To identify the core of your belief system, define those things that you hold dear. Family, friends, career, your car, a boat, and anything that you feel is important to you and, in some way, defines who you feel you are at this time. If you just say 'high morals,' that is not a belief; it is a 'belief package' that contains various aspects of what you believe. The core of a belief system contains things that mean something to you and provide you with your values.
The values are those items on which we base decisions and provide a foundation for associating and analyzing experiences. To find your core values, take each of your items from the previous paragraph and explain why these things are important to you. This will give you an idea of what you believe in, what you value in life.
--- Redefining a Belief System ---
The problem that we all run into from time to time is that our systems will fail us if we do not adjust them as we grow. It's much like an old pair of 'lucky' socks that we begin wearing in little league. By the time we're in our 40's, while those socks might have helped us when we were 10; they're full of holes and way too small to do us any good any longer.
You have to occasionally reassess your values to see if those rules of old still fit your current life and direction. These old values were put in place to keep us safe and get us started on the next leg of our journey. They allow us to process information such that we can categorize and file new information in a logical and orderly fashion. Such values keep us from doing things that, at that time, are dangerous to us emotionally, mentally, or physically. But, as we grow, mature, and learn, we are able to gradually handle more of what life hands to us. It is then that we must be able to reassess our values to get rid of old, unnecessary rules and put in place new ones that can allow us to move forward in life.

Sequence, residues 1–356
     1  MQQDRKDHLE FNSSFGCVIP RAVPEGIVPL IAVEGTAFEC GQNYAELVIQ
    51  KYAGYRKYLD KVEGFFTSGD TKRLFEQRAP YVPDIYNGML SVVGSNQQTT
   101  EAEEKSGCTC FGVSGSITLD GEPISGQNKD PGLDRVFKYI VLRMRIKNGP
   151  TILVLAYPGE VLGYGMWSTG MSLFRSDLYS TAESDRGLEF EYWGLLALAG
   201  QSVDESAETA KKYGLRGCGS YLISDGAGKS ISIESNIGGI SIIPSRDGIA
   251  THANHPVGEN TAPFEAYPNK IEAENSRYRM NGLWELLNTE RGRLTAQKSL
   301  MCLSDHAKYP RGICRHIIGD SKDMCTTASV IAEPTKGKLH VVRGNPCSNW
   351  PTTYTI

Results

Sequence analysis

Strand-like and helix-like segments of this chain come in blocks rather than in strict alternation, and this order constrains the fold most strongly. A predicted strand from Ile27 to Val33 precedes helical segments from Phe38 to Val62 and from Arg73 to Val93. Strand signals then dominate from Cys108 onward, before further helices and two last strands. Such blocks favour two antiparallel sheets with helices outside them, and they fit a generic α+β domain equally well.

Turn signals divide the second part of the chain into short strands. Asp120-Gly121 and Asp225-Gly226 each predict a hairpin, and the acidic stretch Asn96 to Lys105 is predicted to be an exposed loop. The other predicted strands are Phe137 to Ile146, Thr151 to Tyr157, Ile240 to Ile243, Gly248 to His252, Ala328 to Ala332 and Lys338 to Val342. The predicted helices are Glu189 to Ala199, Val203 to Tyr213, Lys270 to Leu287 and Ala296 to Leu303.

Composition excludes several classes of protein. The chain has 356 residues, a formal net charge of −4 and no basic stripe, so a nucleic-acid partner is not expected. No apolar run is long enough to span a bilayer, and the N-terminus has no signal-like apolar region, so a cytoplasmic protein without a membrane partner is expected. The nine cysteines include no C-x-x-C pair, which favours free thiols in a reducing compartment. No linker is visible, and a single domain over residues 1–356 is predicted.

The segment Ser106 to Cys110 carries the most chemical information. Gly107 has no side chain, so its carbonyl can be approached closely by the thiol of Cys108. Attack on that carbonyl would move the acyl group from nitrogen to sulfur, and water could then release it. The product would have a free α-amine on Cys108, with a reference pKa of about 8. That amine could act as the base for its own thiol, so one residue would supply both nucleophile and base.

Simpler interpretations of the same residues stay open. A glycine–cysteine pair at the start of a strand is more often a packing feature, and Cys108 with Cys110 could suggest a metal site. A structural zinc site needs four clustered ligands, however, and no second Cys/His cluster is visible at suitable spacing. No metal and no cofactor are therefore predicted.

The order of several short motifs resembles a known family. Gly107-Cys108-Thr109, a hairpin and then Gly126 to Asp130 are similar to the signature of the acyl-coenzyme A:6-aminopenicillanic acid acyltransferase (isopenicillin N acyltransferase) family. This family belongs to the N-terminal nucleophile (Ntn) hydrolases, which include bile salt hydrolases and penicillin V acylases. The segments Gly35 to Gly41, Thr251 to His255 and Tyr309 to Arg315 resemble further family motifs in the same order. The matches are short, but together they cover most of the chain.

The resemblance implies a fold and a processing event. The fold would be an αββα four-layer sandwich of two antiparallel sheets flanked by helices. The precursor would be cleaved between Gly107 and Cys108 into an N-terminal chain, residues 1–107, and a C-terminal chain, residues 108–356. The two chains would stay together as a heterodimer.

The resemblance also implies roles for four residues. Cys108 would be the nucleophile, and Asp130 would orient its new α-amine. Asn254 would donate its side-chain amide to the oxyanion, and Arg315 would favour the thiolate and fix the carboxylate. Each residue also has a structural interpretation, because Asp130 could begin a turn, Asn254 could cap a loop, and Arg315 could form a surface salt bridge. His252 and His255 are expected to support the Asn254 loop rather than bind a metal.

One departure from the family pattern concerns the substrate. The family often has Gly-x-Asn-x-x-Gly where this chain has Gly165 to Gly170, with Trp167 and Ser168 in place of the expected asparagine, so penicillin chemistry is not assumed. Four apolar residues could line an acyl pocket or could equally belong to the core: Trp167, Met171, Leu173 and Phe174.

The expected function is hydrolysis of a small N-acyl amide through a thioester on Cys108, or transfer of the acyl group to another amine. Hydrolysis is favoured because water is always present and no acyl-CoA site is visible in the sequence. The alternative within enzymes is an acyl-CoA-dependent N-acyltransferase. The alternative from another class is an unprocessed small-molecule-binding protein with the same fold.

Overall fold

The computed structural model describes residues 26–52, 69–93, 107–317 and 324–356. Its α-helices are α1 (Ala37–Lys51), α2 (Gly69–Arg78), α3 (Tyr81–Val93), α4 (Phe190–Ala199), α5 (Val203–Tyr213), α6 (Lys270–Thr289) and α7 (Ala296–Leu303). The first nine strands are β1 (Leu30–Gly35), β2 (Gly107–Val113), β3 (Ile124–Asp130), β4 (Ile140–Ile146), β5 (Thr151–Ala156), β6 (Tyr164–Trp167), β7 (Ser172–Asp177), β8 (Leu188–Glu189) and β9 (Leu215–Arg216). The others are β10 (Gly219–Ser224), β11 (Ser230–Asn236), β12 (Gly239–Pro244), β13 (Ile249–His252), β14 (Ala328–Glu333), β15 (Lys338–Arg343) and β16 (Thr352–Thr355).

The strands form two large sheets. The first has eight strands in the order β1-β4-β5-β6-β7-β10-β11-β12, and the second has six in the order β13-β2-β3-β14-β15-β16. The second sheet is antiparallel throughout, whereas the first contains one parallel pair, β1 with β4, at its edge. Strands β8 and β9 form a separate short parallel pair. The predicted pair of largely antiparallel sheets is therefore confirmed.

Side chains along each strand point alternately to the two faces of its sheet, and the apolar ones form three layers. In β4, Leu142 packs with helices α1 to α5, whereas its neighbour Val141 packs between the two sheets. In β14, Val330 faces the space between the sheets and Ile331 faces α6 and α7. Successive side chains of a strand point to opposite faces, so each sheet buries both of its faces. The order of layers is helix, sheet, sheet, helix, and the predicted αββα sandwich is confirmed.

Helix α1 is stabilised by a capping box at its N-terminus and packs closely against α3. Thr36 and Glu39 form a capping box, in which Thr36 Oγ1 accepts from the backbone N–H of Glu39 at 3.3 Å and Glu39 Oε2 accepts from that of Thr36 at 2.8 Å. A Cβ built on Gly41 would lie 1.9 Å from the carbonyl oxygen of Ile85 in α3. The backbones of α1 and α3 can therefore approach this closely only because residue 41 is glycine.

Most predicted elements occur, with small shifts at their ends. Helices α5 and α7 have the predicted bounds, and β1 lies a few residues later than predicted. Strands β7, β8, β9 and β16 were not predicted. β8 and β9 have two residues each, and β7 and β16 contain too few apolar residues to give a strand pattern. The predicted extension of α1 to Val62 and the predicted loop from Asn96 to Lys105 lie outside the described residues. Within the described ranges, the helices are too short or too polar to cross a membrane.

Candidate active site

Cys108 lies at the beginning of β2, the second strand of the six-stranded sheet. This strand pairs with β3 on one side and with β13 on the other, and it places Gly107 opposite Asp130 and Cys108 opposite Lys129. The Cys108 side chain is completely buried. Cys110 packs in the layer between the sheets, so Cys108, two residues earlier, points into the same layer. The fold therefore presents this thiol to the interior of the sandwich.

But, it is during that change that we feel fear. It is fear of the unknown because we are venturing outside of what we previously set up as boundaries for our safe harbor. At this moment we can feel lost if we don't have some knowledge or new belief to put in its place. Overcoming the fear of change involves accepting that your beliefs will change over time and taking control of the change so that it occurs at your pace.
--- What's next? ---
It is important to put forth the effort to define our belief systems through conscious, rational thought and logical deliberation. We have to consider our current values, examine our lives, establish a new set of values, and adjust these values as we grow, to accommodate future decisions and further growth. If we allow our subconscious mind to accumulate unanswered questions and unrelated information, we will process new information to create unwarranted conclusions, false generalizations, undefined contradictions, unidentified wishes, doubts, and fears thrown together by chance into a mass of confusion called 'self-doubt.'
A solid belief system provides you with a set of core values that mature with your experiences and knowledge. By organizing experiences, you are better able to organize how you handle future experiences. Organized experiences provide you with a sense of accomplishment because your perspective is one of success and control as opposed to having a morass of disconnected and confusing memories. By connecting knowledge and experiences through existing knowledge, you can associate situations with previous knowledge, and gain additional knowledge as you move through life.
This article was posted on November 14, 2002